A collection as appropriate for the calendar as for the world political stage, Chanel's latest Metiers d'Art collection is a strike back at hatred
By: Soumya Jain
Posted on: December 8, 2015
Had I been writing this piece about a month back, it would have had a different outlook and tone. Maybe more critical. But in the past month, the world has become more somber, more serious.
The Paris shootings in mid-November changed the holiday mood. As America was debating heatedly about the lack of Christmas symbols on Starbucks’ red holiday cups, everyone was shockingly bought back to perspective with this terrifying massacre.
So when Chanel does its annual Metiers d’Art show – Paris in Rome – you are bound to look at it with less of a fashion angle and more of the symbolism that it holds.
Held on December 1 at the Cinecittà Studios in Rome, which has quite a significance in the European film industry, the spectators were ushered into a black and white set of Paris, with a Petite Mains cafe on one side and a metro station on the other – from which emerged dark kohled models wearing the newest Chanel creations.
While last year’s Paris-Salzburg Metiers d’Art show had an Eastern European palatial set, and the Paris-Dallas Metiers d’Art in 2013 had a rodeo background, this year, even though the venue was Rome, the set was Paris, Paris, Paris.
This diversion from established format can also be pointed out for this year’s collection. When Paris-Bombay Metiers d’Art had models wearing sparkling Indian inspired jewelry and head accessories, and Paris-Edinburgh had ruffled collars and kilt pleated skirts, Paris-Rome has a completely Parisian look. Seductive, sexy, and defying.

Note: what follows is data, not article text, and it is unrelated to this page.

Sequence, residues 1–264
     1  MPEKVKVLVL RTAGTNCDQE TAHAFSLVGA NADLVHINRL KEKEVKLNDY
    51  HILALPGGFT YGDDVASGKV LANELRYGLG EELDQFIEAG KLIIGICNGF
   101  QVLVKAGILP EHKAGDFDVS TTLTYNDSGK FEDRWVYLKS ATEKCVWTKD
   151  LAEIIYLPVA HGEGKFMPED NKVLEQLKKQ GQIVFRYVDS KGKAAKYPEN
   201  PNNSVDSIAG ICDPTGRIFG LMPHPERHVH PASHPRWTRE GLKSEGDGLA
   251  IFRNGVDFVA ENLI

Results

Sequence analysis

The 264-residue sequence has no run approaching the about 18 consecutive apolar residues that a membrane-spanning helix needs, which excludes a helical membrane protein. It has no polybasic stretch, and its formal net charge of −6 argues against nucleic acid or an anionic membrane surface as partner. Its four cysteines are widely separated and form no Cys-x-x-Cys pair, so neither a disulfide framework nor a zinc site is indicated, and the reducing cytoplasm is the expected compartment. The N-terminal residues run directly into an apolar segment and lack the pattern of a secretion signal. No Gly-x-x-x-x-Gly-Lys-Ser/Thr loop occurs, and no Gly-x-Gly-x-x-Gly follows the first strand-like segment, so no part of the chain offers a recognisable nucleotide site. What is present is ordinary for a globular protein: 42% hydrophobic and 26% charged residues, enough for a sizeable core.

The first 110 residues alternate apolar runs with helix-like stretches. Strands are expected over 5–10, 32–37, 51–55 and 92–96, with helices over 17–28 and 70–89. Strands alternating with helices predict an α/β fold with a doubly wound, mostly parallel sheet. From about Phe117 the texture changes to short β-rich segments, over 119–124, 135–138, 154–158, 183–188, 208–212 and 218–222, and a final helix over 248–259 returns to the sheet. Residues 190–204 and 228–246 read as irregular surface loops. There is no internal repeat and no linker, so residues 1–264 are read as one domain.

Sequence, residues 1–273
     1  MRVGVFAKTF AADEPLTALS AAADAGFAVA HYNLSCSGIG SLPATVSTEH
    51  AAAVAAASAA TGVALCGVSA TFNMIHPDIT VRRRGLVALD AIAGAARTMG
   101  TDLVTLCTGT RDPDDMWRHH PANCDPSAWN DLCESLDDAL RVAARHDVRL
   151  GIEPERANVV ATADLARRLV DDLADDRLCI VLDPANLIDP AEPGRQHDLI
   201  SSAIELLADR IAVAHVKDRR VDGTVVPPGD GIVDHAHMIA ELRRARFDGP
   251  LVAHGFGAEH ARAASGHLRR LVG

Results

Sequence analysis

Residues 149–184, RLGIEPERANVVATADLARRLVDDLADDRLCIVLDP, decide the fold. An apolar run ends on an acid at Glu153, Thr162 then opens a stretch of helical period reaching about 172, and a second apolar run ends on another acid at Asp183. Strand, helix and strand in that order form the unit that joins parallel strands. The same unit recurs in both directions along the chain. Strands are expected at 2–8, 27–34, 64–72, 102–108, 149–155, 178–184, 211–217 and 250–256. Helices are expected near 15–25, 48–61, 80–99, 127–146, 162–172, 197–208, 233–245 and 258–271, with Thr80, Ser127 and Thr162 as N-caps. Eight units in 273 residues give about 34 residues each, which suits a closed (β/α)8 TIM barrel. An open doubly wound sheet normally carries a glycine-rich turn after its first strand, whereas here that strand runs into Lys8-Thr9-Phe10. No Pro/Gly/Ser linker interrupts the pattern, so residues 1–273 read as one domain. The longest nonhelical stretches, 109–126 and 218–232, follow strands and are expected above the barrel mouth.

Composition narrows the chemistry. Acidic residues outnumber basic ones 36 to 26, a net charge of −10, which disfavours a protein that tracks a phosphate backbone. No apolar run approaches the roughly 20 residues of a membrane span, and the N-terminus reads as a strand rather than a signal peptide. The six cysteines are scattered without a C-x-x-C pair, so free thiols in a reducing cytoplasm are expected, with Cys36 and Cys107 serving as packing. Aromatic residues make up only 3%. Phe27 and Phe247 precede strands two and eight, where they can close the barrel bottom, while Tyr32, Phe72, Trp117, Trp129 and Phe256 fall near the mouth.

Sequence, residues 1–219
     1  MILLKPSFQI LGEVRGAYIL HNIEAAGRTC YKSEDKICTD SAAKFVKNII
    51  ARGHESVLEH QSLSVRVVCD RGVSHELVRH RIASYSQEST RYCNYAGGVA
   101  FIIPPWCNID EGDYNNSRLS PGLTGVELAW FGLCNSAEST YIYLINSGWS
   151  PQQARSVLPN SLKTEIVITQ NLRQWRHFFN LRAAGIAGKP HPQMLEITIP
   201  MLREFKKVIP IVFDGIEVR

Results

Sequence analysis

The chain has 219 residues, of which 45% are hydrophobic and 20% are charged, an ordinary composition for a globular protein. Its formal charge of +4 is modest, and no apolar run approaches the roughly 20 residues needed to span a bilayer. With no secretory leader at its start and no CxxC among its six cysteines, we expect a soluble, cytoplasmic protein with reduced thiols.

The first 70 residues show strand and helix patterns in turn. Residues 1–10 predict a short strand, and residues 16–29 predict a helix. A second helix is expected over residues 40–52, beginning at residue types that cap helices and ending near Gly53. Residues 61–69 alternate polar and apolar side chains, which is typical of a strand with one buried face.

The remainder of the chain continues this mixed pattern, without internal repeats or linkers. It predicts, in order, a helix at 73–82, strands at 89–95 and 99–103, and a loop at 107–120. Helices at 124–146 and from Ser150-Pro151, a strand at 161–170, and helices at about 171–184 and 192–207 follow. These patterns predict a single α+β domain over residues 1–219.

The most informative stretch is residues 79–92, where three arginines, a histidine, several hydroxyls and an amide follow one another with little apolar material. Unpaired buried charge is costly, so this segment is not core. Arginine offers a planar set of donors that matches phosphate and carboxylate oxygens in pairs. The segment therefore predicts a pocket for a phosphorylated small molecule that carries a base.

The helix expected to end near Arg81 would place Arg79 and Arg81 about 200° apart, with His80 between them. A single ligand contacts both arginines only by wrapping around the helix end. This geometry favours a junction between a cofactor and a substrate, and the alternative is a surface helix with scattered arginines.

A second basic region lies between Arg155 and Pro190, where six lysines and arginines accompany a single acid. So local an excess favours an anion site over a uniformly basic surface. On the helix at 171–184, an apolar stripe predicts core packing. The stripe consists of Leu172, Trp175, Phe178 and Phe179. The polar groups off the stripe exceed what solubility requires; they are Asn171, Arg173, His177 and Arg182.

Any other time, this would have been disappointing. Right now, it is simply appropriate. Did Karl Lagerfeld change the mood and design of his set and styling at the last minute to suit the occasion? I don’t know. What I do know is that never has Chanel inspired me so much as it has done this time. Its love and pride for the wounded city could be seen everywhere in the show. Coco Chanel would have fought back with the same spirit the way Mr Lagerfeld has done. She would have been proud.
The Chanel Metiers d’Art Paris in Rome collection showed a colour palette of beige, cream, grey, black and navy blue with brown, ochre, oranges and cappuccino. Indeed, the mood alternated between pure noir to sepia with every next look. Tweed, mohair and curly wool, cashmere, leather, jersey, velvet, lace, silk crepe, chiffon and georgette composed the Parisian wardrobe. Shiny leather pencil skirts, cigarette trousers, flared pants and lace stockings were seen on the walkway. Dresses in tweed, cut on the knee, and midi skirts are warmed with small capes.
Pintuck dresses, ribbons flowing from the waist, center back slit skirts and patchwork flower dresses bought back the memory of a beautiful, whimsical Paris. A particular white dress with gold thread embroidery is a favorite of the LF team.
Evening attires are elegant and sensual. With lace negligees embroidered with tulle and sheath dresses in pleated velvet, the dresses are delicate. It was pure romance on the stage.
A camera reel bag indicated the cinematic inspiration behind this show. Strands of pearls on shoes reinstated the Coco Chanel feel. Big hoop earrings and puffed hairstyles intensified the French feel of the collection.
Mr Lagerfeld showed Paris the way it is – gorgeous, sensitive and incredibly resilient. The art capital of the world is standing strong.
Soumya Jain is the Chief Editor & CEO of LuxuryFacts. She is also the Co-Editor of ‘The Luxury Market in India: Maharajas to Masses’, along with Glyn Atwal, published by Palgrave Macmillan and launched in September 2012. The book is a window into the highly complex Indian luxury market. Soumya is also a visiting lecturer for luxury marketing and online journalism at leading educational institutes in India. She has been invited to speak at conferences and address industry colleagues about the Indian luxury market. Recognising her knowledge of the market, she has been quoted in the media several times, while also contributing articles on luxury in various publications.